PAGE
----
Ah, I got it now. Oh ya, and the answer did not have sin90°, I just fudged that in there to try to make sense of it all, but I realize now that it is cos0° - thanks.

haruspex said:
By definition, AxB is perpendicular to both A and B. What does that tell you about its direction in relation to C?

Thanks, I go it now.

student34 said:
Ah, I got it now. Oh ya, and the answer did not have sin90°, I just fudged that in there to try to make sense of it all, but I realize now that it is cos0° - thanks.
OK, but just to check... why cos(0) and not cos(180 degrees)?

[Deleted]

Last edited:
@Puky The question haruspex asked was directed towards the OP to check his understanding.

My mistake, I thought it was the OP who asked that question.

## What is a vector product?

A vector product, also known as a cross product, is a mathematical operation that combines two vectors to create a new vector that is perpendicular to both of the original vectors.

## How do you multiply a vector product by another vector?

To multiply a vector product by another vector, you can use the formula: (A x B) x C. This means that you first calculate the vector product of A and B, and then take the result and calculate the vector product with C.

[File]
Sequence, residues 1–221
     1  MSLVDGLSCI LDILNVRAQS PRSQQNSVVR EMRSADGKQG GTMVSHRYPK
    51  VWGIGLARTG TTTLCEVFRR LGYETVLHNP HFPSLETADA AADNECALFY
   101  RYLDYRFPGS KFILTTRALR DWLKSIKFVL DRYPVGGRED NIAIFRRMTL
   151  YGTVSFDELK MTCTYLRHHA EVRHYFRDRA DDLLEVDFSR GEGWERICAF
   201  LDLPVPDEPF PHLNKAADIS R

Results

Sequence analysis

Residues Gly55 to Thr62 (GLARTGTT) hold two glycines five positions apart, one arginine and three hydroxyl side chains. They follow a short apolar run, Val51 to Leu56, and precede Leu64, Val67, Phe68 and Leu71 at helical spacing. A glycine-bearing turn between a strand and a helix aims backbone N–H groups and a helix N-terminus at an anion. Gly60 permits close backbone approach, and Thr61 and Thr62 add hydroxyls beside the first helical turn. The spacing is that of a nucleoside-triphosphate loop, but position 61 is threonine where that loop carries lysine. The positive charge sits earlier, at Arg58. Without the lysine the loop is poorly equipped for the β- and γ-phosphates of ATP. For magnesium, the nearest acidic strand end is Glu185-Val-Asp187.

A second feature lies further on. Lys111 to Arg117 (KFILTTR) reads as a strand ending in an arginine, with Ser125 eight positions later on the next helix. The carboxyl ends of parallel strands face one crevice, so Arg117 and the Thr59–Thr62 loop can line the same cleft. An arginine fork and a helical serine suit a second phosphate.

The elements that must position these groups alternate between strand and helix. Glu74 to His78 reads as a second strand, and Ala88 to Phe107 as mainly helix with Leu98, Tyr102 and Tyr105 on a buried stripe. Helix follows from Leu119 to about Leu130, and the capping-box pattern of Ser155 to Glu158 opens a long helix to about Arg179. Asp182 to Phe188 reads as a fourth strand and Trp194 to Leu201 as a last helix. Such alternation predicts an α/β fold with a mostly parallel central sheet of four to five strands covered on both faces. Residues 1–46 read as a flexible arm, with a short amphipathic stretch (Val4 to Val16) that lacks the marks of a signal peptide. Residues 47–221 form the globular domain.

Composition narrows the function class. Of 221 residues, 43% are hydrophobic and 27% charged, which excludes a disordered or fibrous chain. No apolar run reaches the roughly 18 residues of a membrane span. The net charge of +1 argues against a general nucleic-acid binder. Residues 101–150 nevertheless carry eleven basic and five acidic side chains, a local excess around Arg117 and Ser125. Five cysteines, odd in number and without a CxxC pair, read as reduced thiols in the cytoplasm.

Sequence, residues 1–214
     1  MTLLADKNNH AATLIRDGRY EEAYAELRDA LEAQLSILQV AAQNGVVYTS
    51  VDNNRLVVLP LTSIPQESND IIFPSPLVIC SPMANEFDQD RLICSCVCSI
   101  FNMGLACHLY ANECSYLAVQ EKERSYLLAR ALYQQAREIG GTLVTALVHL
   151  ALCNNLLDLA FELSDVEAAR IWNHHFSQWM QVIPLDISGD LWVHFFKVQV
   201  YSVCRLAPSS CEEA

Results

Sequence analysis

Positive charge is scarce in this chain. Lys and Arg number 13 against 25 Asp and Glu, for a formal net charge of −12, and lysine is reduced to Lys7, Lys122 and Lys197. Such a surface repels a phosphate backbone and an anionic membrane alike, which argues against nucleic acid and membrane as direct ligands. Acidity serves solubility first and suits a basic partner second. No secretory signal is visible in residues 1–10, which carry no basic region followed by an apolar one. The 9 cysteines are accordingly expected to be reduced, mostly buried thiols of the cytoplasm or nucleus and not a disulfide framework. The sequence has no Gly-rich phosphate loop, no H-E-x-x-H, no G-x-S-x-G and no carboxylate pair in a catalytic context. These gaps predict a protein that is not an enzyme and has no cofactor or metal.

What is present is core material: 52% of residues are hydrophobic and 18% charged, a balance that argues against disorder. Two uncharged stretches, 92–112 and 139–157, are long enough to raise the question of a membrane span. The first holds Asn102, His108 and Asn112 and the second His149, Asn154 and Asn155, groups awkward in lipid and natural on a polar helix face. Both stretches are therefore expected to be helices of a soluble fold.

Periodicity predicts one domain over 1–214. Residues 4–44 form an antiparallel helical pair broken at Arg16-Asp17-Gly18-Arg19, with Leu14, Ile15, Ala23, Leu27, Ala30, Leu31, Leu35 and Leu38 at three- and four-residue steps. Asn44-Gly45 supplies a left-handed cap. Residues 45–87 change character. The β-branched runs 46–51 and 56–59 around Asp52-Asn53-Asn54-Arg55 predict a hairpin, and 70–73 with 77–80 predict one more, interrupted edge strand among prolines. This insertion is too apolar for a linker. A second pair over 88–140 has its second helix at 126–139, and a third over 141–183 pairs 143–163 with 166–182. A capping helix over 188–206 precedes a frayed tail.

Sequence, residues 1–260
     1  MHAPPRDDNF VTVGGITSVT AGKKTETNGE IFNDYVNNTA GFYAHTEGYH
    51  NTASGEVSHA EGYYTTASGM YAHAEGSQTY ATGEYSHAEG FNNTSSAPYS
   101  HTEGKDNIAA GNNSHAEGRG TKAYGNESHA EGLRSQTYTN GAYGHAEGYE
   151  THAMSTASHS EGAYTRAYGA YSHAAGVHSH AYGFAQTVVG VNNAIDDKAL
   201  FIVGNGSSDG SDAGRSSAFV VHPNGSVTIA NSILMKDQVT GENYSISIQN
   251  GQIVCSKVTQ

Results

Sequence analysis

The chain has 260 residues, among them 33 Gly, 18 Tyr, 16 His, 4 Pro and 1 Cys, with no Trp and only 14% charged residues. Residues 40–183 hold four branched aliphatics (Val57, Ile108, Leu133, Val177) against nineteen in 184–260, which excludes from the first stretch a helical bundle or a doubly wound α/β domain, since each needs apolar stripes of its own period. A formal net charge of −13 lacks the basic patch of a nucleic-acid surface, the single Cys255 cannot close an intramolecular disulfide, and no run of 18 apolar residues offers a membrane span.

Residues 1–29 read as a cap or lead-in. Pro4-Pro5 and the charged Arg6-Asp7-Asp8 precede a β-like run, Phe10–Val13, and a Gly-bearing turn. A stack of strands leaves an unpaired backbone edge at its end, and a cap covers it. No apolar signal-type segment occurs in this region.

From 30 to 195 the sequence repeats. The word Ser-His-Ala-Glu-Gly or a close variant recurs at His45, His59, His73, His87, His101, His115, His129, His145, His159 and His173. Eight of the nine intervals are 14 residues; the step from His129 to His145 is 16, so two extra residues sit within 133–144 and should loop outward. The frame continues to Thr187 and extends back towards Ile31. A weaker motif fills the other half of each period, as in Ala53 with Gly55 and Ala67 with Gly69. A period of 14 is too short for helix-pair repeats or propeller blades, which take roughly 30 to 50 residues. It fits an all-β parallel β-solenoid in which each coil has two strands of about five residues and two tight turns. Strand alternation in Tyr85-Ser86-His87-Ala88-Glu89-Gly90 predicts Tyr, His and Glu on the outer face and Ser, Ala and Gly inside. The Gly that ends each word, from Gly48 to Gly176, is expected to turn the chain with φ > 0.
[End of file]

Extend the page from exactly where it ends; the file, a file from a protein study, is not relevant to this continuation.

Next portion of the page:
## What is the purpose of multiplying a vector product by another vector?

The purpose of multiplying a vector product by another vector is to find the perpendicular component of the original vector with respect to the plane defined by the two other vectors. It is commonly used in physics, engineering, and mathematics to solve problems involving forces, motion, and rotation.

## Can you multiply a vector product by a scalar?

No, a vector product can only be multiplied by another vector. However, you can multiply a scalar by a vector product, which will result in a scaled version of the original vector product.

## What are some real-world applications of multiplying a vector product by another vector?

Multiplying a vector product by another vector is commonly used in applications such as calculating torque, finding the direction of magnetic fields, and determining the angular momentum of rotating objects. It is also used in computer graphics to create 3D effects and in geology to analyze the movement of tectonic plates.